Inhibitory effects of fucoxanthinol on the viability of human breast cancer cell lines MCF-7 and MDA-MB-231 are correlated with modulation of the NF-kappaB pathway
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- Rwigemera, A., Mamelona, J. & Martin, L.J. Cell Biol Toxicol (2014) 30: 157. doi:10.1007/s10565-014-9277-2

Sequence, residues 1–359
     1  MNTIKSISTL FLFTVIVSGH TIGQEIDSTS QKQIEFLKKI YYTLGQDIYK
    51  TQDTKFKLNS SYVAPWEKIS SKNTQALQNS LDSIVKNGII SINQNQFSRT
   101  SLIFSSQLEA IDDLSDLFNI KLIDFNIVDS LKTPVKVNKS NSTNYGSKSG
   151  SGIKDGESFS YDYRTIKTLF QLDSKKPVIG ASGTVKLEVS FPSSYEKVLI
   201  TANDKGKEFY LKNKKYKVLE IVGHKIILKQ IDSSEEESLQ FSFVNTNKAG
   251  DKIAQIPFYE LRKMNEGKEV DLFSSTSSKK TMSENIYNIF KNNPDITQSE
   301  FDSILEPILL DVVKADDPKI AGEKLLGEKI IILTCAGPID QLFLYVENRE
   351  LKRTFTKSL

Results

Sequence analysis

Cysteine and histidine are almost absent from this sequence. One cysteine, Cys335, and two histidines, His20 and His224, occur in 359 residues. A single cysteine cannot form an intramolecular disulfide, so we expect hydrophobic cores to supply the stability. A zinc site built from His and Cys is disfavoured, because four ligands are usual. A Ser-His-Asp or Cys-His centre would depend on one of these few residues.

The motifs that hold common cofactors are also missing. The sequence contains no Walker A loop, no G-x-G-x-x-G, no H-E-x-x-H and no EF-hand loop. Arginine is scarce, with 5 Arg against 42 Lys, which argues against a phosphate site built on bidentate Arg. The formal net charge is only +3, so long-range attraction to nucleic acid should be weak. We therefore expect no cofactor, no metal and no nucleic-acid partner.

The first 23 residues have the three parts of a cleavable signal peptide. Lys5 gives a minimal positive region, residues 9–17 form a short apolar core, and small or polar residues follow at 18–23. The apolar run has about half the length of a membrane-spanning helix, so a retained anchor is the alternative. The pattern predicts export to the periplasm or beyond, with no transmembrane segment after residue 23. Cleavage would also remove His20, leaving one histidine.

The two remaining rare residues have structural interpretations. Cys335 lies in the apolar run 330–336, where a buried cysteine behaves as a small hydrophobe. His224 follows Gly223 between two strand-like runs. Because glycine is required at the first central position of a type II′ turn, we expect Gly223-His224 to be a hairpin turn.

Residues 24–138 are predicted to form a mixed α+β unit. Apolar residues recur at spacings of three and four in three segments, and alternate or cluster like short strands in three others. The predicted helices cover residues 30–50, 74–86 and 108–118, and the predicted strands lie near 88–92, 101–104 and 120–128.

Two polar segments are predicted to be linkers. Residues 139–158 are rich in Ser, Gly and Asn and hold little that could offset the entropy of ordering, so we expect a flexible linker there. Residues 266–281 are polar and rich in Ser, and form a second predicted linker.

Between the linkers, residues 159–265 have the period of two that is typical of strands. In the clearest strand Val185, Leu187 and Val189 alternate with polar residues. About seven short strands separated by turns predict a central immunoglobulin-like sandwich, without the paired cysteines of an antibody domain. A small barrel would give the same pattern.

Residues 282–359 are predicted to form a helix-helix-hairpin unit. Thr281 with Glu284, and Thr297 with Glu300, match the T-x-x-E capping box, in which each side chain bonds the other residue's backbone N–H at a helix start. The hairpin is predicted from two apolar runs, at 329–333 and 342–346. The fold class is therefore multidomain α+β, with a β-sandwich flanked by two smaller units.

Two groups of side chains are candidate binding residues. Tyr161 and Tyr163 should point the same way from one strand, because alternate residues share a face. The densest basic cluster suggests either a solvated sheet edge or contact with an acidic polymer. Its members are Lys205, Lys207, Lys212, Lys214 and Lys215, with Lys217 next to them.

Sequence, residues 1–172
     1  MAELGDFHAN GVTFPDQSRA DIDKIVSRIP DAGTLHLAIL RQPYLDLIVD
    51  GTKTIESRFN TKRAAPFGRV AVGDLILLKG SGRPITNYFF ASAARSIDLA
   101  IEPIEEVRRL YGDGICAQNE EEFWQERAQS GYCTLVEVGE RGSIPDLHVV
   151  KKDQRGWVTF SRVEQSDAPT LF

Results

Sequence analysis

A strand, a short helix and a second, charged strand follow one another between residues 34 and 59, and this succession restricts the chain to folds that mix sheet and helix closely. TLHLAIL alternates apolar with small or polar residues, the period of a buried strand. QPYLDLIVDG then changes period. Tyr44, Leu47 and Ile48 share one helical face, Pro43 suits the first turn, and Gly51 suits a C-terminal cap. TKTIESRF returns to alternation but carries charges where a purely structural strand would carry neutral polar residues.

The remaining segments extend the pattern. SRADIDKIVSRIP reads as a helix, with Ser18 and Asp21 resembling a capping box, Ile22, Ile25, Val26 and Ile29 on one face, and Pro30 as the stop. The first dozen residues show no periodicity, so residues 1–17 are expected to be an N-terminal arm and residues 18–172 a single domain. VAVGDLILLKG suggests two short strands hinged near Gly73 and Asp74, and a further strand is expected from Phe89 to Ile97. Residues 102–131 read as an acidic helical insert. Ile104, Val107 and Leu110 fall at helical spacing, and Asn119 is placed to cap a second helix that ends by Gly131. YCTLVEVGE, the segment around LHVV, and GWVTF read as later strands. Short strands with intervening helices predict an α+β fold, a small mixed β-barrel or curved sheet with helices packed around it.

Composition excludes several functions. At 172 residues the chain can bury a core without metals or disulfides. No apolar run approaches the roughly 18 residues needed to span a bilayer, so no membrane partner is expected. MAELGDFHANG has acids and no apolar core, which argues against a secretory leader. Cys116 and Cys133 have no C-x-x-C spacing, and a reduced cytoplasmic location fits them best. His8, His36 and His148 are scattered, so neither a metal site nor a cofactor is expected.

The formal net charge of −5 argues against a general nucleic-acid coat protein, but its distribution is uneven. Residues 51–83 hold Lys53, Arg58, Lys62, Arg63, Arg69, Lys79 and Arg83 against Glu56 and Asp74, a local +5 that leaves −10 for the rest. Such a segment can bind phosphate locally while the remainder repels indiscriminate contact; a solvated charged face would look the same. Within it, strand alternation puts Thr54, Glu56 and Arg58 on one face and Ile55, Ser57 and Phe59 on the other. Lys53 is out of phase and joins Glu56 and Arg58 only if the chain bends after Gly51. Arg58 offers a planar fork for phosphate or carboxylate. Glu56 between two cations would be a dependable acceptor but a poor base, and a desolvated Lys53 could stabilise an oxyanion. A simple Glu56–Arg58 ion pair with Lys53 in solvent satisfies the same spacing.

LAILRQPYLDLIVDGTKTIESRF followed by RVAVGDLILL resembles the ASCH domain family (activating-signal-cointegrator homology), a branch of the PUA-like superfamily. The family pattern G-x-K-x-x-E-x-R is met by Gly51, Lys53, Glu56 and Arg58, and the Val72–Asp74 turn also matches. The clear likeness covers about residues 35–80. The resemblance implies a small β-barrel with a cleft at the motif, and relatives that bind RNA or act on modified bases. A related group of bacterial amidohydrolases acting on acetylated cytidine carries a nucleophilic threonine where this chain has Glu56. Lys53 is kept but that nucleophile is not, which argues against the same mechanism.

Fucoxanthin is a carotenoid present in the chloroplasts of brown seaweeds. When ingested, it is metabolized mainly to fucoxanthinol in the gastrointestinal tract by digestive enzymes. These compounds have been shown to have many beneficial health effects. The present study was designed to evaluate the molecular mechanisms of action of fucoxanthin and/or of its metabolite fucoxanthinol against viability of estrogen-sensitive MCF-7 and estrogen-resistant MDA-MB-231 breast cancer cell lines. Fucoxanthin and fucoxanthinol reduced the viability of MCF-7 and MDA-MB-231 cells in dose- and time-dependent manners as a result of increased apoptosis. Furthermore, fucoxanthinol-induced apoptosis was more potent than that of fucoxanthin and correlated, for MDA-MB-231 cells, with inhibitory actions on members of the NF-κB pathway p65, p50, RelB, and p52. Being overexpressed and regulated by NF-κB in different types of cancers, the transcription factor SOX9 was also decreased at the nuclear level by fucoxanthin and fucoxanthinol in MDA-MB-231. Taken together, the current results suggest that fucoxanthinol and fucoxanthin could be potentially effective for the treatment and/or prevention of different types of cancers, including breast cancer.